• When choosing the metal for your engagement ring setting, there are several things to consider, including price, longevity, and aesthetics. While the metal you choose for your diamond ring is primarily based on personal preference and style, it is helpful to consider the main differences in composition and price. Several different types of metals are used to create stunning engagement rings.

Stone Shape

  • There ten different diamond shapes: round, princess, radiant, cushion, emerald, marquise, oval, pear, heart, and Asscher. Each shape has its beauty. It comes down to which style represents your personality.

  • Round – The round cut is the most commonly chosen shape for an engagement ring. When cut, color and clarity are all equal in two diamonds the round diamond is usually more valuable.

  • Princess - A princess cut diamond is a square stone with 90-degree corners.

  • Radiant - A radiant diamond is a beautiful combination of a round cut and an emerald cut. 

  • Cushion – A cushion shape is a square or rectangle stone with rounded corners and sides. 

  • Emerald - An emerald cut diamonds are usually rectangular with beveled corners. 

  • Marquise - A marquise cut is an elongated stone with pointed ends. 

  • Oval – Due to its elongated shape, the oval cut can appear more substantial than a round diamond of equal carat size. 

  • Pear - A pear-shaped diamond, which resembles a teardrop, is a cross between a round and marquise cut. 

  • Heart - A heart-shaped diamond symbolizes love.

  • Asscher – An Asscher-shaped diamond looks similar to an emerald cut. It is typically square and has a visible “X” pattern when viewed from the top.


  • When choosing the metal for your engagement ring setting, there are several things to consider, including price, longevity, and aesthetics. While the metal you choose for your diamond ring is primarily based on personal preference and style, it is helpful to consider the main differences in composition and price. Several different types of metals are used to create stunning engagement rings.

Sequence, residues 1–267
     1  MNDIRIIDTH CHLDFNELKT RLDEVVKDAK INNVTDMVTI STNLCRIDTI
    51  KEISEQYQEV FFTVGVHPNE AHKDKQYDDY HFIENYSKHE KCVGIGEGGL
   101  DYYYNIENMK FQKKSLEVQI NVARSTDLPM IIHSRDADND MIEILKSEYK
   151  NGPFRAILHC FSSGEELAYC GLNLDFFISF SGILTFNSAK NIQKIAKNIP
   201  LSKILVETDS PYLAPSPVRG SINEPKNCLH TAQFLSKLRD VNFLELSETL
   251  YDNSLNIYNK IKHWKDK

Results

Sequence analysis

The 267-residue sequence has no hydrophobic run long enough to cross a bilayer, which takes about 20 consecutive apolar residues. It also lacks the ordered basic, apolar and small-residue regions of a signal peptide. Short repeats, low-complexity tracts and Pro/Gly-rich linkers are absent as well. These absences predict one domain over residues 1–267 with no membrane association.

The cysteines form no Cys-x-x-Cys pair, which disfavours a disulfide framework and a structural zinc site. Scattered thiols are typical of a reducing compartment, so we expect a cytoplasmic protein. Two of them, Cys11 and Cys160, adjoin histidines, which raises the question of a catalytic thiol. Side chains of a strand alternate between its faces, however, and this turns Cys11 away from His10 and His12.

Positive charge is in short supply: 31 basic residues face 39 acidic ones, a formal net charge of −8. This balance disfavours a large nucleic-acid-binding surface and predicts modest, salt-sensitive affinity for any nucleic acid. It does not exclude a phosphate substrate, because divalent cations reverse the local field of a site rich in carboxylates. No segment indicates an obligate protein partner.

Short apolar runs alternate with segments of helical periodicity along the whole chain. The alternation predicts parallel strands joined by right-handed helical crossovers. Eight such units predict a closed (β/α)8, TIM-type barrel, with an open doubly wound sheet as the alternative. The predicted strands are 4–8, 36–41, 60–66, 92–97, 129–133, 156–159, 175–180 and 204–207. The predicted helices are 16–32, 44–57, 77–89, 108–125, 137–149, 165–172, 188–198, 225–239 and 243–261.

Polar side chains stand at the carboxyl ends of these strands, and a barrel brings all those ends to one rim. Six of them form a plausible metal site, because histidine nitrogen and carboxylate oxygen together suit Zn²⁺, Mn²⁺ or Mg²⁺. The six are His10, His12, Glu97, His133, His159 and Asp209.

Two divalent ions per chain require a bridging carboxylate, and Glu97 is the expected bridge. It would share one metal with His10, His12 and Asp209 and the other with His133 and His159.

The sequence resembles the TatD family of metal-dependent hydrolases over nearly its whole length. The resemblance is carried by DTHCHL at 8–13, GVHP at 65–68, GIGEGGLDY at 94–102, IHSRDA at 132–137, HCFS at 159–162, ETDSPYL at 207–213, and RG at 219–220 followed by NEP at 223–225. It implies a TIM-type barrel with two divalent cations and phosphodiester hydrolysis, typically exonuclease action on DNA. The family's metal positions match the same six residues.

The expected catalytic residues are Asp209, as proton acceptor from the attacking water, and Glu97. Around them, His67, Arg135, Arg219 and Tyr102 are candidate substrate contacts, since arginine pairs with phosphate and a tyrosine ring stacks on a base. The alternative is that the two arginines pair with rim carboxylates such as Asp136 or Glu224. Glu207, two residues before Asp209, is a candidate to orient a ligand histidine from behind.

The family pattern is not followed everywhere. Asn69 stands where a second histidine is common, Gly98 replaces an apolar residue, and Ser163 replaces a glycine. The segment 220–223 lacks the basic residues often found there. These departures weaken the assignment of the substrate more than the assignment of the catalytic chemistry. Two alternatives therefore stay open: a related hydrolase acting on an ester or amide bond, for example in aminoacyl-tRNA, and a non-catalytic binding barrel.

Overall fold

• Platinum – Platinum is a durable, white metal that is shiny and beautiful. Platinum is more rare than gold. It is also a very dense metal which will make the ring heavier on the hand than other metals. It will not fade or change color. It is also hypoallergenic. Because of its strength, it is a popular choice for engagement rings.

  • Gold – Gold is a very versatile metal with several different color variations, including yellow, white and rose. The gold purity used in creating rings is usually 18K or 14K. An 18K ring has a more vibrant yellow color, as it contains more gold than a 14K. You will not see engagement rings in 24K, as its far too soft to withstand daily wear and tear. 

  • Yellow Gold - Yellow gold is traditionally the most popular in the gold family. Pure gold is mixed with a little silver and copper to create a warm look.

  • White gold – White gold is a combination of pure gold with palladium and silver, and on occasion, with nickel, copper or zinc. White gold and platinum look identical to the naked eye. 

  • Rose Gold – Rose gold is a combination of pure gold and copper to create a beautiful rose color. 

  • Palladium - Palladium is included in the platinum family of metals. It is durable, and resilient to discoloration. The main difference between the two is that Palladium is very lightweight, and has a reflective sheen. 

  • Titanium – Titanium has recently increased in popularity for wedding ring metal. It is extremely lightweight and has a very modern look. It also comes in a variety of colors, including black, grey and silver. It is also hypoallergenic.


  • Before you begin shopping for an engagement ring, you must determine your budget. A common benchmark for spending for a diamond engagement ring is the equivalent of two-months’ salary, but you need to decide what works best for you. Once you have your budget in place, it is essential to find a qualified jeweler. A good jeweler will help you to pick out the perfect ring and help you work within your budget.

    Selecting a diamond that is slightly under the one-carat cutoff. Purchasing a 0.99 carat ring instead of a 1.0 carat stone will not look significantly different, but can save you money.

    According to the 4Cs guidelines for buying a diamond, the cut has the most impact on a diamond’s sparkle. Pick the highest cut grade you can afford. Go with a gold band. If you like the look of platinum, but it doesn’t work with your budget, consider white gold.

    Pick a setting that has more detail, such as a Halo. This enables you to select a smaller center stone, but the ring will still have significant sparkle. Consider a solitaire diamond with no side stones. Simple and elegant.

    Look at options other than diamonds. Customize your engagement ring with a colored stone instead of a diamond.

    Select an eternity band with diamonds around the setting, but no center stone. Be an educated consumer. Do your research.

Creating a memory

  • Getting engaged can be overwhelming. When the time comes, it is important to remember that deciding to get married is about much more than cut, color, and clarity.

    Whether you decide to shop for a ring together, have a surprise proposal or custom design your ring, choosing an engagement ring is the moment that will begin the rest of your life. At Bostonian Jewelers, creating engagement rings in Boston is our specialty. Visit us for more inspiration, or contact us to schedule a consultation.